We use cookies to make this site as useful as possible. Read our cookie policy or ignore.

Working in harmony

19 December 2018 by Rosemary Lemon

Working in harmony

People no longer want to work for the best company in the world – they want to work for the best company for the world

The best question I was ever asked by a head-hunter was whether there was any kind of company I wouldn’t want to work for. It’s a very good question and one that demands attention because, when you pick a company to work for, you are not just accepting a job – you are choosing a lifestyle.

Aligning beliefs

More importantly, no matter what role you hold, you become an ambassador for that company. If you can’t comfortably champion and recommend its products and services to your friends, customers and suppliers, or if you don’t feel that you fit with the organisation’s culture and beliefs, then you have a problem. One of the catalysts for employees leaving a company is their working environment: they feel like a square peg in a round hole, they feel uncomfortable being themselves, they don’t like the way business is done or they fall out with their manager and team.

Diversity and inclusion, culture, values, ethics and social purpose are becoming increasingly important decision-makers when choosing a job and, for companies, are becoming critical to get right in order to attract, engage and retain top talent.

A 2018 Deloitte survey that looked at 10,455 ‘millennials’ across 36 countries showed that 52% rank a positive workplace culture as being ‘very important’ when choosing a company to work for and 69% stay beyond five years in a diverse organisation. A 2018 PwC survey surveyed 10,029 members of the general population based in China, Germany, India, the US and the UK and stated that 23% said ‘doing a job that makes a difference is most important to their career.’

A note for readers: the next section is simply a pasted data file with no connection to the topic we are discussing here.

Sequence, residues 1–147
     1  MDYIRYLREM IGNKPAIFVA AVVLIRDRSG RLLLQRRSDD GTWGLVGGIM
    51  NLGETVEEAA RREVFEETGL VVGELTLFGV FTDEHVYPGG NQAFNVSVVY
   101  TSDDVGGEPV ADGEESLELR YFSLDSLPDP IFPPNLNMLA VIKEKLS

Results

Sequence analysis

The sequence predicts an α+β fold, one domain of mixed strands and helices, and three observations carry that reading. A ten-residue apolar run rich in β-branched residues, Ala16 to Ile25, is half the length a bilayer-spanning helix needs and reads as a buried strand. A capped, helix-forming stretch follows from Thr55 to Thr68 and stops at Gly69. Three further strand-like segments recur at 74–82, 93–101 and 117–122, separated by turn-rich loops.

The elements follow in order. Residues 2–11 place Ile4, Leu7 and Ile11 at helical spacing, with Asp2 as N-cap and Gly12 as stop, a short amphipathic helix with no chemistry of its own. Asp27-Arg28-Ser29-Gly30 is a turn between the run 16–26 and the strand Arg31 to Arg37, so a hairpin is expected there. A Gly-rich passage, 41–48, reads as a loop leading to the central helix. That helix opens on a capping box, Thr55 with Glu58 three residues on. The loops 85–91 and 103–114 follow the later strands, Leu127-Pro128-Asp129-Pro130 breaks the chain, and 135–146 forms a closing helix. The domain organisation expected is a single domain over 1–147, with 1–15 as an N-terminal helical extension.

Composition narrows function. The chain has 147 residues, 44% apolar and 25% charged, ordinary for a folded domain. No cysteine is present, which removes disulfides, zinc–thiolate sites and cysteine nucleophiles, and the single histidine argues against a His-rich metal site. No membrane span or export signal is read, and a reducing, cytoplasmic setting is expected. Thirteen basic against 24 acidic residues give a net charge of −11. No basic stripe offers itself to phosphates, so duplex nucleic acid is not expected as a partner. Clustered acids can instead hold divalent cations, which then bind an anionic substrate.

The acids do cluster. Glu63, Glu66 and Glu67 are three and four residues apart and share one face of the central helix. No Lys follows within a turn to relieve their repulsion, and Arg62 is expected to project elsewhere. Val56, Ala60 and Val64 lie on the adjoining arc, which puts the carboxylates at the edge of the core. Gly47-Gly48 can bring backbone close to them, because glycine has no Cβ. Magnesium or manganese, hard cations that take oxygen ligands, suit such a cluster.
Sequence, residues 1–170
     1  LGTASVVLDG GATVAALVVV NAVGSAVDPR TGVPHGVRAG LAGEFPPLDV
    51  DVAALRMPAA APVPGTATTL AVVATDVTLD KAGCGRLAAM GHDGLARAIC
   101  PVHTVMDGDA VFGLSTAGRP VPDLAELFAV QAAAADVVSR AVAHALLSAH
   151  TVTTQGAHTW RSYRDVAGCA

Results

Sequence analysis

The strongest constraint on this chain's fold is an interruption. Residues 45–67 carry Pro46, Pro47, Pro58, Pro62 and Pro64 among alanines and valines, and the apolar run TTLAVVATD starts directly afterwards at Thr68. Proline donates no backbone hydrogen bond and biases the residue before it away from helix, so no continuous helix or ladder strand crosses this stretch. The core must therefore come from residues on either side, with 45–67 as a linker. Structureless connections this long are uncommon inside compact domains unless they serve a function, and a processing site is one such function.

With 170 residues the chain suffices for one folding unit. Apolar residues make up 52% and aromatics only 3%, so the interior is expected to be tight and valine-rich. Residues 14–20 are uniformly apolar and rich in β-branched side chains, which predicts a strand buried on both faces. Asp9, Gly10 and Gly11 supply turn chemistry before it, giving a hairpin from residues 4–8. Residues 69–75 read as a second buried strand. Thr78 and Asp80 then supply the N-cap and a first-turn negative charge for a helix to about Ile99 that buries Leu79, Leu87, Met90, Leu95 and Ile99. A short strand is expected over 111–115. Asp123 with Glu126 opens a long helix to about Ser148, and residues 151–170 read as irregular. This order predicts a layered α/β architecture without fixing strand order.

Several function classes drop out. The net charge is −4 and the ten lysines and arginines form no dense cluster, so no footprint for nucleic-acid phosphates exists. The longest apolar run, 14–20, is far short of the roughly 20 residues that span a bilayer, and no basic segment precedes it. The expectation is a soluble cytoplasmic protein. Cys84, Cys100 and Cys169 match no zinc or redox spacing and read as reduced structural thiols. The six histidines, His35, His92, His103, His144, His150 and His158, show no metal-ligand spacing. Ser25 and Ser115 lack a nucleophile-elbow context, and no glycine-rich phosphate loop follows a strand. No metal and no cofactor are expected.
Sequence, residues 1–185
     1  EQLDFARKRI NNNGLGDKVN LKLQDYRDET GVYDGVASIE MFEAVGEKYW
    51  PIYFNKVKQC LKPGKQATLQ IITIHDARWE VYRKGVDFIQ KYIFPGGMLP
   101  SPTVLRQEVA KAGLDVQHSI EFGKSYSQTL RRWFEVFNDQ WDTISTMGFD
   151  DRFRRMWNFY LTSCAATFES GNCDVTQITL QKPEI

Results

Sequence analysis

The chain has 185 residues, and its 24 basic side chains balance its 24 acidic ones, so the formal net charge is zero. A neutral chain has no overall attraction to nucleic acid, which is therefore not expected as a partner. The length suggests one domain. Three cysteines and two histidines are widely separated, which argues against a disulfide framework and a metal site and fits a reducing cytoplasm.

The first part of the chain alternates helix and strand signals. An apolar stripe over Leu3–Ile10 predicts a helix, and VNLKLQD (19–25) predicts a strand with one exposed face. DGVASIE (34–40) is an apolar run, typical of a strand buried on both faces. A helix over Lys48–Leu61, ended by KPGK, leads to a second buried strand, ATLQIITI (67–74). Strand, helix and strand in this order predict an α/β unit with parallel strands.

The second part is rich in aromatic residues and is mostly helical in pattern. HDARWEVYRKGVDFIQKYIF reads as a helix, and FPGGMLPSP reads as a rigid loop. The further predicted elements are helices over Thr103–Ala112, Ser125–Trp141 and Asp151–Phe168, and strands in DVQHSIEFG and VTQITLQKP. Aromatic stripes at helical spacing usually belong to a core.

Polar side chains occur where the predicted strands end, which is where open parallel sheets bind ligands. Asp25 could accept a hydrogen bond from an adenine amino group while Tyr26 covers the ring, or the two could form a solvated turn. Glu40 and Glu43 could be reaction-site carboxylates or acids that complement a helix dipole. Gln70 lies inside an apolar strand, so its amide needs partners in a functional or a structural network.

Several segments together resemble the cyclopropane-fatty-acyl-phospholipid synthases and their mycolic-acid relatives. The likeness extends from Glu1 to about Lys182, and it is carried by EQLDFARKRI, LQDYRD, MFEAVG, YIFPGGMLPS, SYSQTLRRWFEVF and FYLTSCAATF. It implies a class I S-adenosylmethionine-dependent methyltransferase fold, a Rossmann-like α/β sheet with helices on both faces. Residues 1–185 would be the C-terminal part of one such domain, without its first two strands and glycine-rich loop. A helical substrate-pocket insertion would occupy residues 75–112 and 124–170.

However, this is not just about attracting people to work for you; the whole area of CSR is starting to take root and grow in priority for other stakeholders. These include government, investors, clients, competitors as well as candidates and employees. Getting CSR wrong can have a big impact, so just what do we mean when we make reference to ‘social purpose’ and ‘social responsibility’ and what are the concerns?

Tackling key issues

A few years ago, CSR used to be referred to as ‘green-washing.’ There was some recognition that recycling and conserving power were good ideas and employees might be encouraged to give to a charity, but CSR was considered to be completely divorced from ‘real business.’ Today, statistics around carbon footprints, recycling and energy efficiency are ‘givens.’ Equally, recognising the importance of employee-chosen charities and allowing employees the time and flexibility to support the issues that they feel passionate about, or that touch them personally, play an important part in overall employee wellbeing. However, CSR itself is much broader, deeper and complex.

While business may be all about making money, CSR is about how they make that money. It focuses on the higher social purpose of the company – what are the company’s products, services and importantly ethics, doing to give back to society, to preserve the environment, protect the community upon which it relies, safeguard its responsibilities to its workforce and to make its business sustainable in the long-term. CSR is about research, development and future-proofing the business by responsibly tackling the key issues that will impact it in the coming years. It is about de-risking the future but, in doing so, ensuring that it takes into account the three P’s – Profit, People and Planet; they are all intertwined.